First is learning the value of communication with God, not to think – never – he is not their watching over us. Just like Joseph, we are to feel the presence of G-d always, even and precisely in times when we cannot really sense it.
Second, is the importance of being a deliberate reader of Torah. We have the ability, if we read sensitively and carefully enough, we can literally hear the voice of God speaking to us through the text.
In numerous places in the Torah, if we are attentive, we can hear God not only speaking to our ancestors but also to us, for God’s presence is not only in the heavens it is here, on earth–in our own existence. As we live from day to day, our life can seem like a meaningless sequence of random events, a series of accidents and happenstances that have no shape or inner logic. Life as we experience it can sometimes feel like a random call of somebody else’s circumstances. However, by looking at everything happened to us back and again, life begins to make sense. The opportunity we missed here, led to an even better one there. The shame we felt at our unintentionally offensive remark makes us more careful about what we say in the future. Our failures, seen in retrospect many years later, turn out to have been our deepest learning experiences. We live life facing the future, but we understand life only when it has become our past. And this idea is set out clearly in the story of Joseph in this week’s portion.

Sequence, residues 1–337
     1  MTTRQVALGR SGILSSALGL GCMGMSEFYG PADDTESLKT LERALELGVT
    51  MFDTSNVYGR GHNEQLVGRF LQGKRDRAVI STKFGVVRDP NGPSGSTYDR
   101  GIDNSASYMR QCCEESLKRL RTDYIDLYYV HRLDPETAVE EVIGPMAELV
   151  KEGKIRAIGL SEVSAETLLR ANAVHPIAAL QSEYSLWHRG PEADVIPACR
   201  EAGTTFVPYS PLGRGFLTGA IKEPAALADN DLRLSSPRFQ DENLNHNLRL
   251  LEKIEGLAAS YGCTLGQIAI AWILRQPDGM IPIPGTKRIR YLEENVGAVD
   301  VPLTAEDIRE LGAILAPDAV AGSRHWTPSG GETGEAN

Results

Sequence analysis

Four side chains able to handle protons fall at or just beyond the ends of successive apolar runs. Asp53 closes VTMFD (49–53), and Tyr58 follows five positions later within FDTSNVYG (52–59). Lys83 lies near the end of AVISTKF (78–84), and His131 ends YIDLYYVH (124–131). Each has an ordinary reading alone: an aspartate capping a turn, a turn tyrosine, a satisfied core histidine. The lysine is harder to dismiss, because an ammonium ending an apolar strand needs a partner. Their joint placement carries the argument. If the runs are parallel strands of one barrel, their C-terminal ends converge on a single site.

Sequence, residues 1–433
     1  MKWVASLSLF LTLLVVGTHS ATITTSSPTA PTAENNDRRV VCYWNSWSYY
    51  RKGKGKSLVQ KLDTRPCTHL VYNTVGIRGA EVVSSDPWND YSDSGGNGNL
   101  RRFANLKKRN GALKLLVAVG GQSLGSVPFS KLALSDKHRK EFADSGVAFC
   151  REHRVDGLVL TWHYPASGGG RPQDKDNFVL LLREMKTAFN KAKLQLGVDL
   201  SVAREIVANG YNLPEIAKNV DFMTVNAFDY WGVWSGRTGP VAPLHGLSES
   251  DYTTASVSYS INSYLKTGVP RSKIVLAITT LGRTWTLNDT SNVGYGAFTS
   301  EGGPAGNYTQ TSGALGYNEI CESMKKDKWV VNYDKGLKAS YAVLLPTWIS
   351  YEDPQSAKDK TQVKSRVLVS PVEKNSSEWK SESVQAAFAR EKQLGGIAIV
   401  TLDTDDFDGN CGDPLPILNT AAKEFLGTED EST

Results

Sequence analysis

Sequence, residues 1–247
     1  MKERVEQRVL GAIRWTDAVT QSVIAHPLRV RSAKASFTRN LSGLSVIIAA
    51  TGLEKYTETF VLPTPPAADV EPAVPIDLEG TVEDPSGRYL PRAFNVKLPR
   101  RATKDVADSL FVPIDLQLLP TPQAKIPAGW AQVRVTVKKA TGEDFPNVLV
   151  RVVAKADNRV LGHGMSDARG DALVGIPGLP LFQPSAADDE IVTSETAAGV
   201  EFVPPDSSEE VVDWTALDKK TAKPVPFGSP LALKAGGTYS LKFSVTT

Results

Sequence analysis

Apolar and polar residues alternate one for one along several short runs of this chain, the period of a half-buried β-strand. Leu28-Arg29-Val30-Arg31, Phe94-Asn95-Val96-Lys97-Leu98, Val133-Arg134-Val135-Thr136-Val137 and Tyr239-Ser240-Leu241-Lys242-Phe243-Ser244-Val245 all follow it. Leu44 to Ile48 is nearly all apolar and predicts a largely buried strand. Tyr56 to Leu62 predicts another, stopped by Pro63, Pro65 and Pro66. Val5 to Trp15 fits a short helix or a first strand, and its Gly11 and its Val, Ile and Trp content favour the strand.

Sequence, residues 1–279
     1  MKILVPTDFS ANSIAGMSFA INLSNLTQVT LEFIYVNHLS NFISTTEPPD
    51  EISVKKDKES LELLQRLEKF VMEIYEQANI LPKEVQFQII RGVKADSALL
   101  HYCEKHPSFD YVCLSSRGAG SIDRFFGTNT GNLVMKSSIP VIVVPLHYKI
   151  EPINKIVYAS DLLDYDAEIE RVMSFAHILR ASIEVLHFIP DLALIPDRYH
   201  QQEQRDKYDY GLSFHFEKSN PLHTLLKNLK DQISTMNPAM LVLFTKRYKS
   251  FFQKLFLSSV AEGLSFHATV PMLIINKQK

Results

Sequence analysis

At the beginning of next week’s portion, we will discover that all this has been leading to Joseph’s supreme elevation. Pharaoh makes him Viceroy over Egypt, the greatest empire of the ancient world. At the age of only thirty and after a long crazy life, Joseph has become the second most powerful man in the world. From the lowest pit, he has risen to dazzling